AIG FINED $10-MILLION: American International Group, one of the biggest U.S. insurance companies, agreed Thursday to pay a $10-million fine to settle the Securities and Exchange Commission's allegations that it helped another company falsify its earnings report and hide losses. AIG also failed to provide documents subpoenaed during the SEC's investigation of cellular phone distributor Brightpoint Inc., the SEC said. AIG also is forfeiting a $100,000 fee paid by Brightpoint.
HARRAH'S BUYS HORSESHOE: Harrah's Entertainment Inc. is buying Horseshoe Gaming Holding Co., owner of casinos in Louisiana, Mississippi and Indiana, for $917-million. The Las Vegas gambling giant also will assume $533-million in debt. Harrah's intends to keep the Horseshoe names at Horseshoe Gaming casinos in Bossier City, La., Hammond, Ind., and Tunica, Miss. Harrah's will sell its Shreveport casino to reduce its presence in Louisiana but said no deal had been reached.
CHIHUAHUA'S EXPENSES RISE: A federal judge in Grand Rapids, Mich., has ordered Taco Bell to pay an extra $11.8-million in interest to two Michigan men who sued the restaurant chain, which they accused of stealing their idea for an advertising campaign featuring a talking Chihuahua. The ruling, filed Wednesday, brings the total award in the five-year legal battle over creative ownership of the mascot to $41.9-million. Taco Bell spokeswoman Laurie Schalow said the company plans to appeal.
WORLDCOM ENTERS PLEA: WorldCom pleaded innocent Thursday to the first criminal charges brought against the telecommunications company in an $11-billion accounting fraud that Oklahoma prosecutors say violated state securities law. After entering the plea in Oklahoma County District Court, Carol Petren, WorldCom deputy general counsel, released a statement criticizing Oklahoma Attorney General Drew Edmondson for pursuing the case. She also said that new management and internal controls at the company, which has changed it's name to MCI, will help prevent a repeat of the problems that led to the nation's largest-ever accounting fraud and bankruptcy.
2 TERMINATED AT BofA?: Bank of America Corp. has apparently begun firing employees suspected of having been involved in improper mutual fund trading that is being investigated by New York Attorney General Eliot Spitzer. The Wall Street Journal reported Thursday that the bank has dismissed Charles Bryceland, former head of a brokerage and private-banking office that catered to wealthy clients. The bank had no comment on the report even when told that a woman answering the phone in Bryceland's office said, "He is no longer with the firm." A second employee named in the investigation, broker Theodore Sihpol, also is "no longer with the company," according to a woman who answered his phone Thursday at the bank's New York brokerage.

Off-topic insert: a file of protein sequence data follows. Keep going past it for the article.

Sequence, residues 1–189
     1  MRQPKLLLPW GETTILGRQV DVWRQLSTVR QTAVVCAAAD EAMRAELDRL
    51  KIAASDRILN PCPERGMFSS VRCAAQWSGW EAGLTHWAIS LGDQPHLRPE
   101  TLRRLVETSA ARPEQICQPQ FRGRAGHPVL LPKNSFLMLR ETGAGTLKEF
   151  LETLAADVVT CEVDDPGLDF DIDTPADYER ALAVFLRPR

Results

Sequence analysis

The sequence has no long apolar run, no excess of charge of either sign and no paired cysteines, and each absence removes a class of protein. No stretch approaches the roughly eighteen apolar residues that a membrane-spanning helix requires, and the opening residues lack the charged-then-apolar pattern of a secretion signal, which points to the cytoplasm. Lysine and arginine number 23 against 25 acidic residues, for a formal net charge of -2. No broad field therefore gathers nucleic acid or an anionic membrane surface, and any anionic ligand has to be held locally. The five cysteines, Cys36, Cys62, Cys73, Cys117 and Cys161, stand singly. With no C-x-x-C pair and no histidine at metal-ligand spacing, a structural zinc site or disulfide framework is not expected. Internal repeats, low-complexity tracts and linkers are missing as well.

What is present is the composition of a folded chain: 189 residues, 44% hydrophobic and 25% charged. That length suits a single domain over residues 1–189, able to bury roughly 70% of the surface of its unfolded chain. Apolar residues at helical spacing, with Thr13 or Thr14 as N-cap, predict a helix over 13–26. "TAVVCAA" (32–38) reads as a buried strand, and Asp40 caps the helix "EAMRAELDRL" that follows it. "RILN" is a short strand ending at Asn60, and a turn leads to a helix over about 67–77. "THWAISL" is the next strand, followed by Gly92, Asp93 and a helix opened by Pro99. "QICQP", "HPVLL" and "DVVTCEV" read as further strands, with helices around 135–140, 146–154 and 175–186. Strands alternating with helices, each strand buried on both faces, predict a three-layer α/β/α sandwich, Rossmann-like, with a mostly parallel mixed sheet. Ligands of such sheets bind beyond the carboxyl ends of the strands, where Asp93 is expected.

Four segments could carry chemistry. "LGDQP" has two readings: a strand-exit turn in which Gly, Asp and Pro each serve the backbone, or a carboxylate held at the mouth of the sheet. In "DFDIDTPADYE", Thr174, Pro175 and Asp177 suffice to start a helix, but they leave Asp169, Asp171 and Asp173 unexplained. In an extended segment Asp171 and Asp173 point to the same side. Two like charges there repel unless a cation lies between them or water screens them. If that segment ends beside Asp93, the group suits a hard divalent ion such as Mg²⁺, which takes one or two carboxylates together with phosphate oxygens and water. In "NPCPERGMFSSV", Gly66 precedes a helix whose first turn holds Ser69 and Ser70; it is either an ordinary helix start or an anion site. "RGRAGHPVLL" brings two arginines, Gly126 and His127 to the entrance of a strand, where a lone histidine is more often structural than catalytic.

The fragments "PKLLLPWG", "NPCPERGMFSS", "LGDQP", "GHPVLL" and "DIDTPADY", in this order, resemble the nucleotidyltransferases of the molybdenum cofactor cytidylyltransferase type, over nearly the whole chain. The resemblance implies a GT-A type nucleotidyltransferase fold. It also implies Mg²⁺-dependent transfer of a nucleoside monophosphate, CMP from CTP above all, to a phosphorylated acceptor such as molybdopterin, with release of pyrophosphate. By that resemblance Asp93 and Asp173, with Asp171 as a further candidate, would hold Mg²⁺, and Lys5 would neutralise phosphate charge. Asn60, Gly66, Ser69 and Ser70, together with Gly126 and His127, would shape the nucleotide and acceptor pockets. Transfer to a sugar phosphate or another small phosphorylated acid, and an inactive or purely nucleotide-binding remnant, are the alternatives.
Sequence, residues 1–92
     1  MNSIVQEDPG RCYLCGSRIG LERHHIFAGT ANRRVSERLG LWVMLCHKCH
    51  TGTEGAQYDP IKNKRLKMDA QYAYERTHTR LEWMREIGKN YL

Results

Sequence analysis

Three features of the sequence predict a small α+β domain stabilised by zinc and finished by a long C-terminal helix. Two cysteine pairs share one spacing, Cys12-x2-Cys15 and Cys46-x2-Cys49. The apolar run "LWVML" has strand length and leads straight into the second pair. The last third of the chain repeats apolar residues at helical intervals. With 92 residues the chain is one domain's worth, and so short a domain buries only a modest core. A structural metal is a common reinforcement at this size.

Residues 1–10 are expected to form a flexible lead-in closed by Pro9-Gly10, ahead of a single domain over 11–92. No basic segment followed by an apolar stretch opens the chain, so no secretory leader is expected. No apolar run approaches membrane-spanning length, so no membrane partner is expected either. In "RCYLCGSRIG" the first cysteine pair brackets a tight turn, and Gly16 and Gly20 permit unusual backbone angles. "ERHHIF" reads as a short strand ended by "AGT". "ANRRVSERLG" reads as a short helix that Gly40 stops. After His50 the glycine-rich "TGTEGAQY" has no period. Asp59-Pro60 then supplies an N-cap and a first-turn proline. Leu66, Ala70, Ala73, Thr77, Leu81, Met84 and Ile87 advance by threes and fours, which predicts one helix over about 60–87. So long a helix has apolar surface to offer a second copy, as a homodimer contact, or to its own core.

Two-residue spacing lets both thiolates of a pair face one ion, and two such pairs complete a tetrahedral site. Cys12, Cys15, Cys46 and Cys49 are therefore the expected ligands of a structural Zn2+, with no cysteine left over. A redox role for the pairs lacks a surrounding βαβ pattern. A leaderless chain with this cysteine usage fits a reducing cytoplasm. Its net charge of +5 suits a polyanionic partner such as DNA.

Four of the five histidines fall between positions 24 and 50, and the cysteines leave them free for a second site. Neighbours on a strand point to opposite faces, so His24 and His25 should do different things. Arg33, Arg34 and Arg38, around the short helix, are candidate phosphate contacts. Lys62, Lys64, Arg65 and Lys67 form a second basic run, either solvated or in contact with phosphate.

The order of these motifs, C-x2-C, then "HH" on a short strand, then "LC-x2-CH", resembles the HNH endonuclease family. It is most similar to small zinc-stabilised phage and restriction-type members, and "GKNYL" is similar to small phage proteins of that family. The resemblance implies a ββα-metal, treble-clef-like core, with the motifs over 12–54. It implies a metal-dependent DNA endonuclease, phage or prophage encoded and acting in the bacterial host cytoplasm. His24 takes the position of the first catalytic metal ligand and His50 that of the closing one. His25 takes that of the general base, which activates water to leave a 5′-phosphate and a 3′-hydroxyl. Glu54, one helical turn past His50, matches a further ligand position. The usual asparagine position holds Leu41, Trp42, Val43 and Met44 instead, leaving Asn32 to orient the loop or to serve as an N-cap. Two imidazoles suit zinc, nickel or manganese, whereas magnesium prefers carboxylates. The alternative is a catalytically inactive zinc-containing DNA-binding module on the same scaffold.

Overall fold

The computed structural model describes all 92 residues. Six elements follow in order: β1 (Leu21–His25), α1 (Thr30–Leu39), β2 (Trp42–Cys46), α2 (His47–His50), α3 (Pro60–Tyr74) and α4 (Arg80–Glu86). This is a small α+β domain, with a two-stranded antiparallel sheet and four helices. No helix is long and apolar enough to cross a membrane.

McCORKLES GET 24 YEARS: A federal judge in Orlando has again sentenced informercial guru William J. McCorkle and his wife, Chantal, to 24 years in prison for swindling customers with a get-rich-quick real estate scheme. The pair received the same sentence in 1999 after their convictions on 151 counts of fraud, money laundering and false statement charges, But a federal appeals court dismissed the sentences last year because of a missed step.
MORTGAGE RATES DOWN: After a fairly steady upward climb since late June, mortgage rates edged down this week. The average rate on 30-year mortgages declined to 6.16 percent for this week, compared with last week's 6.44 percent, Freddie Mac reported in its weekly nationwide survey. For 15-year fixed-rate mortgages, a popular option for refinancing, rates fell to 5.46 percent from 5.77 percent. Rates for one-year adjustable mortgages dipped to 3.87 percent from 3.98 percent.Earnings Campbell Soup Co.: The soup maker reported a 35 percent profit increase for the latest quarter Thursday as improved results from its North American beverage and sauce divisions and its international operations offset a decline in North American soups. But the company said its earnings for its first quarter and all of fiscal 2004 would be lower than analysts expected.